This work reports on the first systematic study using secondary ion mass spectrometry with MeV ions (MeV-SIMS) for analysis of synthetic organic pigments (SOPs) that can be usually found in modern and contemporary art paints. In order to prove the applicability of the method to different chemical classes of SOPs, 17 pigments were selected for the analyses. The focus was on blue and green phthalocyanines, yellow and red (naphthol AS) azo pigments, red quinacridone, anthraquinone, and diketopyrrolo-pyrrole pigments. Since there are no reference spectra available for this technique, pure pigment powders were measured first to create a database. Simple two-component paint systems were also prepared for testing purposes by mixing synthetic organic pigments with alkyd and acrylic binders. Commercial paints that contain the SOPs with identical C.I. numbers as in the prepared two-component samples were analyzed. All pigments were successfully identified in commercial products in the MeV-SIMS mass spectra through molecular and larger specific fragment ion peaks in the positive-ion mode. The main advantages of MeV-SIMS over other techniques used in SOPs identification, like pyrolysis gas chromatography mass spectrometry (Py-GC/MS), direct-temperature resolved mass spectrometry (DTMS), and laser desorption ionization mass spectrometry (LDIMS), can be summarized as follows: (i) pigments and binders can be detected simultaneously in the same mass spectrum acquired over a short measurement time (up to 500 s), (ii) only small sample flakes are required for the measurements, which are analyzed without any chemical treatment prior to the analyses, (iii) samples are not consumed during the analyses and can be reused for other measurements, e.g., multielemental analysis by other ion beam analysis (IBA) techniques, such as particle-induced X-ray emission (PIXE). Compared to, e.g., Raman spectroscopy, the significant benefit of MeV-SIMS is the exact identification of the SOPs in the paints even if pigments of similar structures are measured.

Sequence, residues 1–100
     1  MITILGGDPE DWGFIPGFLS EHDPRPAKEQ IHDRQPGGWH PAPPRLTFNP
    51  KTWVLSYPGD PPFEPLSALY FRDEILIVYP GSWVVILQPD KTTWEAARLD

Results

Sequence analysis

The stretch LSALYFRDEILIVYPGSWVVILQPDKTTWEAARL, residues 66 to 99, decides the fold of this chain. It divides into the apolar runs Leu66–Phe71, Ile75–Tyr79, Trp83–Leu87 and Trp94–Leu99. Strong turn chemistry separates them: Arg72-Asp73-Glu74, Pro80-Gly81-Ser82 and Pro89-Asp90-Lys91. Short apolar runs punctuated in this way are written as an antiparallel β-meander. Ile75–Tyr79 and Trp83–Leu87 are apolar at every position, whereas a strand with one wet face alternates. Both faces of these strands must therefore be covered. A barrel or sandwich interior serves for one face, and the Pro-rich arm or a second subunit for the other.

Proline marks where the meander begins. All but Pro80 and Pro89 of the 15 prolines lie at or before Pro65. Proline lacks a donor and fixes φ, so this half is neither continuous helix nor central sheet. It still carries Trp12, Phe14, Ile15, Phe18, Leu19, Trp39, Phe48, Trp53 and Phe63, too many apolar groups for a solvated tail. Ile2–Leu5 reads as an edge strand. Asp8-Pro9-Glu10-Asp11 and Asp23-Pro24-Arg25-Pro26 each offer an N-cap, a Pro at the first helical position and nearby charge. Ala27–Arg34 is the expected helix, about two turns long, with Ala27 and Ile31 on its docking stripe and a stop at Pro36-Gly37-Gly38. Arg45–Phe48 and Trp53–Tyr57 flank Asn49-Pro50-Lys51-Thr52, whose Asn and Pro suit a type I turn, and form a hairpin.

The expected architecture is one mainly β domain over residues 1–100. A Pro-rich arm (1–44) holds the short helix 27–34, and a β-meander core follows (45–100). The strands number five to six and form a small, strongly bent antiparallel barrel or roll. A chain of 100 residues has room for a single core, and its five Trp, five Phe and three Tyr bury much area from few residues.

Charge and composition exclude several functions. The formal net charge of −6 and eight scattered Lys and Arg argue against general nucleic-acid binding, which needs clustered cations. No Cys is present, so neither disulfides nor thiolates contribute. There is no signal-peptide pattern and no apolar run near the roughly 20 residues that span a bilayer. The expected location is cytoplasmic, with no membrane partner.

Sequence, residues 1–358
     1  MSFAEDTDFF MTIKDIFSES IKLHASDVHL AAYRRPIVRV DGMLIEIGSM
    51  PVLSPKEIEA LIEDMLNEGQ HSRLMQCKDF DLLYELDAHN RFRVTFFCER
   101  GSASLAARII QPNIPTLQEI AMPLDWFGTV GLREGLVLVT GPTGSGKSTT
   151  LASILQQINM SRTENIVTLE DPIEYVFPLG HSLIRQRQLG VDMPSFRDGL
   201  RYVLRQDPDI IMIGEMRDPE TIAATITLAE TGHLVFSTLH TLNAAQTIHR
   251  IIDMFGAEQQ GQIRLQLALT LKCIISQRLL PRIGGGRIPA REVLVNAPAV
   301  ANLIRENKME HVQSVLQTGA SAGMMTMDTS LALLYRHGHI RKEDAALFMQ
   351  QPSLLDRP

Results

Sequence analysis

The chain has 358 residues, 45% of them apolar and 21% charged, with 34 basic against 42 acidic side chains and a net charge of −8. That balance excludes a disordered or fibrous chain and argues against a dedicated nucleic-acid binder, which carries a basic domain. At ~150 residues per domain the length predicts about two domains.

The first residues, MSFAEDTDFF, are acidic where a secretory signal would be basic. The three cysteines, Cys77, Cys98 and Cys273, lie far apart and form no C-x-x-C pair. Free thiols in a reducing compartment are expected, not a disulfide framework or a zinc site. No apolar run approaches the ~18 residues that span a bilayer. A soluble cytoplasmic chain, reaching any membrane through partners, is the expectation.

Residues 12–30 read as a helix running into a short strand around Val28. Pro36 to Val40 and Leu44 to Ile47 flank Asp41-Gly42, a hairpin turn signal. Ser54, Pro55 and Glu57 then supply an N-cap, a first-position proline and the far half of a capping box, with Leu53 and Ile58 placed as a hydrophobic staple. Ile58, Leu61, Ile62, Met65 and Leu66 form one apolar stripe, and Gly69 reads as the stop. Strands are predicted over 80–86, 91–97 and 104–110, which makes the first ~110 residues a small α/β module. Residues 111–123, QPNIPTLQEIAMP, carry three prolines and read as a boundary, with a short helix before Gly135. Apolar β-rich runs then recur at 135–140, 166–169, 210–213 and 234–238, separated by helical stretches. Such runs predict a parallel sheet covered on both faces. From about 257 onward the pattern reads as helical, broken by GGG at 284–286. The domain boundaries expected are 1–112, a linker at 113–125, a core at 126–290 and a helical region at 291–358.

|Number of pages||8|
|State||Published - 7 Jul 2020|
Bibliographical noteFunding Information:
This work was supported by the Unity Through Knowledge Fund Contract no. 4/13, bilateral project between Croatia and Austria HR10/2014, and Croatian Center of Excellence for Advanced Materials and Sensing Devices (CEMS). We also gratefully acknowledge the support of the research by the Head of the Institute of the Science and Technology in Art, Academy of Fine Arts Vienna, Prof. Dr. Manfred Schreiner.
Copyright © 2020 American Chemical Society.